The road more traveled is a road of unequal partners, where advertisers determine brand strategies, plan Scopes of Work on an ad hoc basis, grow the SOWs in a whimsical fashion, dictate and reduce agency fees, manage the integration of their diverse network of agencies -- and think of their agencies as commodity suppliers of creative services. Relationships are changed every 4 years or so. The other road -- the high road less traveled -- sees a lead agency designated as the client's key strategic partner, jointly working to determine brand strategies and scopes of work that have the highest probability of improving brand performance, fairly paid for the resources required to carry out the work and respected for the strategic and creative value that it brings to the relationship.
This road less traveled is the path for long-term client and agency success and viability.
How can a strategic partnership be created in today's cost-obsessed environment? What are the necessary conditions?
1. The relationship must be viewed by both parties as being designed and structured to bring about improved performance of the client. This means improved client growth and profitability, gains in market share and strengthened brand equities.
2. The agency must be seen as the client's "marketing and strategic performance partner," expected to propose, deliver and execute marketing communications that have the highest probability of achieving agreed performance-improving goals.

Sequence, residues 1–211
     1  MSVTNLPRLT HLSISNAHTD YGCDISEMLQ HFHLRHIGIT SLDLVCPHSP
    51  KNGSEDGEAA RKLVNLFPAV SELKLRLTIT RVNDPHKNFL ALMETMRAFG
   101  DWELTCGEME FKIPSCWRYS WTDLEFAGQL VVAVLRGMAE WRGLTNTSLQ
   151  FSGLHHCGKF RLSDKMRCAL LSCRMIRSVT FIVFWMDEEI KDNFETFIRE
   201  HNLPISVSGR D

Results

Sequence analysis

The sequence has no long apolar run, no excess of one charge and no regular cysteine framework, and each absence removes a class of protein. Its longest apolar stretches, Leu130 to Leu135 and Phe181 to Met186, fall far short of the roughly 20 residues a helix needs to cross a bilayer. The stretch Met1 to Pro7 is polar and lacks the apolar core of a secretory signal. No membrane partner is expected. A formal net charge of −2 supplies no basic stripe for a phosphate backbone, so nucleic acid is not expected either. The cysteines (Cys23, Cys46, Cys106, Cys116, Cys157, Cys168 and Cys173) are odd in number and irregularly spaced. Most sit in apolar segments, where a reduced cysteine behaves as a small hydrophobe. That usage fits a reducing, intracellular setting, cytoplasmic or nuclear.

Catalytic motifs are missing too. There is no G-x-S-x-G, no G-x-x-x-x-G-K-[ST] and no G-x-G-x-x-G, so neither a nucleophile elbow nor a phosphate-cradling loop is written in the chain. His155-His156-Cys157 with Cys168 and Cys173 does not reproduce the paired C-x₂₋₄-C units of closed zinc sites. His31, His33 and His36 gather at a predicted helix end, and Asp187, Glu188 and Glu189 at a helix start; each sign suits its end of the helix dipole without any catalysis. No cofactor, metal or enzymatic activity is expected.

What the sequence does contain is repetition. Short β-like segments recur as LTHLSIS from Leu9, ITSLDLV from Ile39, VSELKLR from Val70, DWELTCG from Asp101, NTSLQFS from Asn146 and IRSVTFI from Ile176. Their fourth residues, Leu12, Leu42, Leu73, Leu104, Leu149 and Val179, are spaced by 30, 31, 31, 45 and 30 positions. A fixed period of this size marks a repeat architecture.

3. The relationship must be structured for flexibility and experimentation. SOWs will change as results are measured. This fact must be built into the structure of the relationship.
With this as a basis, then a strategic relationship can be constructed, with each party having an understanding of the brand problems to be solved, the action plans most likely to succeed, and the specific Scopes of Work that deliver the hoped-for results. Agency staffing must be based on the size and complexity of the SOW. Each party must commit to running a lean and efficient relationship with a minimum of unnecessary rebriefing, rework and other inefficiencies that raise costs and undermine the ability of the relationship to act and respond rapidly. Process metrics must be developed, agreed and used to monitor relationship efficiencies on an ongoing basis.
A lead agency will manage global Scopes of Work in global situations, and manage on a seamless basis cross-disciplinary Scopes of Work involving other agency partners. It would be highly desirable to have this lead agency responsible for distributing the central pool of fees in accordance with the SOW workloads carried out by the various agency partners.
Clients must balance the often-competing interests of Marketing and Procurement, and agencies must stifle their own office-oriented profit center motivations so that the two parties can work in a focused way on the performance-improvement goals of the relationship. Each party should have a responsibility to the other to ensure the success of the other in its efforts to make the relationship a success.
This road is less traveled because it is more difficult to construct.
The road more traveled -- the way things work today -- sees growing agency workloads and declining agency fees, with few results obtained for the costs involved. It's a commodity road to oblivion.
Photo Credit: Donald Reilly / The New Yorker Collection / The Cartoon Bank. With permission.